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Tunnel and underground stations

Tunnel along the West LRT C-train line.

Green Line will have four underground stations Downtown and in the Beltline. These include:

Connecting these stations will be tunnels that reach depths of around 30 metres below the surface. To safely build these tunnels, two separate approaches will be undertaken: cut and cover and tunnel boring.

Cut and cover

Cut and cover is one of the oldest methods of tunnelling construction and involves digging a large trench, constructing a tunnel and then backfilling material around and over the tunnel. Once complete, the surface can be returned to its original state.

For the Green Line, this method is being used from the Eau Claire Station to 7 Avenue S.W. Station, and at 4 Street S.E. Station to the Elbow River portal, because of the depth of the tunnel and the surrounding conditions of the ground.

Support of excavation

To safely support the excavation to the required depth for the cut and cover portion of the tunnel, secant pile walls will be used as the support of excavation (SOE) method. A secant pile wall consists of overlapping columns of concrete. In our case, they are around 1 to 1.2 metres in diameter and every other pile is planned to be reinforced with steel. The columns of concrete are supported with internal bracing, consisting of large steel beams that run parallel to the walls and additional large diameter pipe braced across the excavation.

After the piles are installed, excavation and installation of the bracing begins. Once the excavation reaches the bottom, concrete will be poured to form the floor of the tunnel. As the concrete walls of the tunnel are installed the internal bracing is removed in sections as the tunnel walls continue upwards. Once the tunnel roof is completed, the remaining area above the tunnel is backfilled to the surface, and the road surface reinstated.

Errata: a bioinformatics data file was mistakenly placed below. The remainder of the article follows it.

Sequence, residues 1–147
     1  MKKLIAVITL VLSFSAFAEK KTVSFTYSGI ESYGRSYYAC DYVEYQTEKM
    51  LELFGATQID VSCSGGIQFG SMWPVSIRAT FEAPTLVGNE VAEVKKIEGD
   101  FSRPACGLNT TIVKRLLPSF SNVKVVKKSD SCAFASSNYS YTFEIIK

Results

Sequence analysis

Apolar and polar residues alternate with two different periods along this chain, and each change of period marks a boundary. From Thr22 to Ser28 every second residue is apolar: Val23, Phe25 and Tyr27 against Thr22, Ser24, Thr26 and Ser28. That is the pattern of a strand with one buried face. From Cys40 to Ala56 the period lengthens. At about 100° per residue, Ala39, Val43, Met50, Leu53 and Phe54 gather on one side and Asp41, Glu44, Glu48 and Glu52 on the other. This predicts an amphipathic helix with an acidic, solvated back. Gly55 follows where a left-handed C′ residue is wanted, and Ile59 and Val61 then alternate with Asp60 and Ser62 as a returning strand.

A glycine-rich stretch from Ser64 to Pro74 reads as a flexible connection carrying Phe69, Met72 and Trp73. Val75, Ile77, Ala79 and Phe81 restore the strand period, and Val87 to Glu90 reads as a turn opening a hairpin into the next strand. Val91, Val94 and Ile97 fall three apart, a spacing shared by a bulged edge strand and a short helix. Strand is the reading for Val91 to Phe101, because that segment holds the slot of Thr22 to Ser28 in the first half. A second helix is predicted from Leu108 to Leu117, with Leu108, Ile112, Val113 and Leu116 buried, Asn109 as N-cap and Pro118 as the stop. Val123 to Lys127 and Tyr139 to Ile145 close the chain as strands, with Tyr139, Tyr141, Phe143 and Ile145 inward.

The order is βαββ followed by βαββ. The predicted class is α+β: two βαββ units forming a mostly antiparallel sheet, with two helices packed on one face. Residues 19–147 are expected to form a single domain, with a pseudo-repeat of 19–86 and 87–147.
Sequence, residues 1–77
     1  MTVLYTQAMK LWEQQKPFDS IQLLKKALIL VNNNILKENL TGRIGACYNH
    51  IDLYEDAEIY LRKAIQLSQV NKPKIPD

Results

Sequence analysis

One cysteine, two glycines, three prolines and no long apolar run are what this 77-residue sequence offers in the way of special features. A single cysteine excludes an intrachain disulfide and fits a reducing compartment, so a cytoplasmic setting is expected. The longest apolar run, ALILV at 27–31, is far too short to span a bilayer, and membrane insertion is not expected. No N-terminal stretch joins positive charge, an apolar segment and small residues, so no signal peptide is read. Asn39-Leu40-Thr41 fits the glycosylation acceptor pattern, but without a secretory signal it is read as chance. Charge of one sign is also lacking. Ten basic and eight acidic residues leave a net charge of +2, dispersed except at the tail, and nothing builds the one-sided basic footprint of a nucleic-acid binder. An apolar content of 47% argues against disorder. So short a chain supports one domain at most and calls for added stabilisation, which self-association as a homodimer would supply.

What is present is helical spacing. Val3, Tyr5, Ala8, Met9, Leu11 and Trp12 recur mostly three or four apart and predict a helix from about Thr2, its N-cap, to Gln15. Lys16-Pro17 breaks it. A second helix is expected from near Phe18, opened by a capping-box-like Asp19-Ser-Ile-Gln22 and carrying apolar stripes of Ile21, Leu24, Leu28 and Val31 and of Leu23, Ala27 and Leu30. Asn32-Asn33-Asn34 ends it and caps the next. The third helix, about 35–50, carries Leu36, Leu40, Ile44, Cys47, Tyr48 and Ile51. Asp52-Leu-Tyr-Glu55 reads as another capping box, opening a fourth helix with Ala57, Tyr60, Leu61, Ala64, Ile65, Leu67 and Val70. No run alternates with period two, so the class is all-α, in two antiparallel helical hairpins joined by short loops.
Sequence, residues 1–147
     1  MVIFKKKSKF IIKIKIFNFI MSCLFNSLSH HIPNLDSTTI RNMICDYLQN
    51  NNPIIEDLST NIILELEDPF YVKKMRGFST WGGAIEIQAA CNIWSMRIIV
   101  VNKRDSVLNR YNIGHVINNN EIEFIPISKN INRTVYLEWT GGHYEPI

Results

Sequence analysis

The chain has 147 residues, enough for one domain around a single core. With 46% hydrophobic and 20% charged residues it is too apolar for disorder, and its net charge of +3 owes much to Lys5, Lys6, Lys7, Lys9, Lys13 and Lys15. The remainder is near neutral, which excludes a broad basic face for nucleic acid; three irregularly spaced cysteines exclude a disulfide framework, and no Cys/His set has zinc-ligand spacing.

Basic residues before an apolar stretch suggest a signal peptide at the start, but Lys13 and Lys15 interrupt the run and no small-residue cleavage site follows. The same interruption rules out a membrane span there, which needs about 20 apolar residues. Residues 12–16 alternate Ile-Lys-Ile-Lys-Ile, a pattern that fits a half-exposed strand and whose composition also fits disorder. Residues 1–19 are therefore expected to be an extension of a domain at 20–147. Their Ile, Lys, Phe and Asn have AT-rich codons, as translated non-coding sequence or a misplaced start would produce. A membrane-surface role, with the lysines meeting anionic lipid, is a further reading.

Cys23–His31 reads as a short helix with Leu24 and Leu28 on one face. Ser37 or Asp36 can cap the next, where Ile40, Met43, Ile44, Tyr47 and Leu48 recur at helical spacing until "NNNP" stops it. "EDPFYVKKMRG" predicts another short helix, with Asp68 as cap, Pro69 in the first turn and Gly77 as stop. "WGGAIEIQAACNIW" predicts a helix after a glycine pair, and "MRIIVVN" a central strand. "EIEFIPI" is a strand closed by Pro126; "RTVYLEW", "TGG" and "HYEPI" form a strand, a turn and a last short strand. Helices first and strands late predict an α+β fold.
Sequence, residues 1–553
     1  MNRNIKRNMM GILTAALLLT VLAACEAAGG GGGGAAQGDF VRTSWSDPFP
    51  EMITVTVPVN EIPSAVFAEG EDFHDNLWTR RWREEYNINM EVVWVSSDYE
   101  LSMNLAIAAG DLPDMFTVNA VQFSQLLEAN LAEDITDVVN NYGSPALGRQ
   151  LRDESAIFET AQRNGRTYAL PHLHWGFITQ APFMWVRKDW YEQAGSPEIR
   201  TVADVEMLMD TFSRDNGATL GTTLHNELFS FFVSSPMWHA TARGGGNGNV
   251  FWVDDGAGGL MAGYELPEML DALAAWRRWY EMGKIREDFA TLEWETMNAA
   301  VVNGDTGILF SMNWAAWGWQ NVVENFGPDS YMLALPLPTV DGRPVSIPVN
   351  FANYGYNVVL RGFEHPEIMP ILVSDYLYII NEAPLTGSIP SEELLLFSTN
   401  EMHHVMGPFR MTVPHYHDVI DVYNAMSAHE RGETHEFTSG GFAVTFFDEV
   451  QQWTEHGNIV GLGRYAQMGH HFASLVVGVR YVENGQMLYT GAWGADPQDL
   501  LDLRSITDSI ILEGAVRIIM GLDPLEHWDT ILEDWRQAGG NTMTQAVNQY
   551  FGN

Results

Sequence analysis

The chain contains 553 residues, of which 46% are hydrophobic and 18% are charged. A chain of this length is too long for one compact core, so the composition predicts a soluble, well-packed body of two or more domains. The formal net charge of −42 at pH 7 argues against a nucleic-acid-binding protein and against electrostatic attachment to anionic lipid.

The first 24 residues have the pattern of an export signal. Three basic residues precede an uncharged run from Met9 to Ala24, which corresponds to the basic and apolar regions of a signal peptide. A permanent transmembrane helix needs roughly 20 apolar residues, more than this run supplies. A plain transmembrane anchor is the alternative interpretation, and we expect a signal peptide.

Tunnel boring

The other method that will be used to construct tunnels for the Green Line is called tunnel boring, which uses a large machine (sometimes as long as a football field) to excavate the ground without disrupting the area at the surface.

The tunnel boring machine (TBM) has a rotating cutter head at the front and a system of conveyors that remove material out the back as it digs forward. It also has a segment erector, which installs the precast concrete tunnel liner segments to form the tunnel walls as the TBM moves forward. To fill any gaps and to help them keep their shape, the TBM injects cement grout behind the liner panels.

Tunnel boring process:

  1. Excavate ground: A rotating cutterhead on the front of the TBM will cut through and remove soil and rock, while a thrust system will push the TBM forward. 
  2. Material moved out of the tunnel: A conveyor system will transport the excavated soil and rock from the cutterhead through the tunnel to the surface where it will be collected for disposal. 
  3. Installation of precast concrete liner: As it moves forward, the TBM will install the precast concrete tunnel liner segments, piece by piece, one ring at a time. 

Instrumentation and monitoring

For both methods of tunnelling, detailed inspections and monitoring of groundwater levels and other underground conditions will be completed before and during the work.

Monitoring begins long before the start of tunnel construction and includes installation and monitoring of many instruments to record various aspects of the work. Some of these methods include:

  • Instruments attached to structural components of buildings to measure any movement.
  • Surface settlement plates to measure ground surface movement.
  • Inclinometers to measure any tilting of the ground.
  • Piezometers to measure ground water levels.
  • Extensometers to measure the movement of utilities, the secant pile walls and the ground above the tunnel.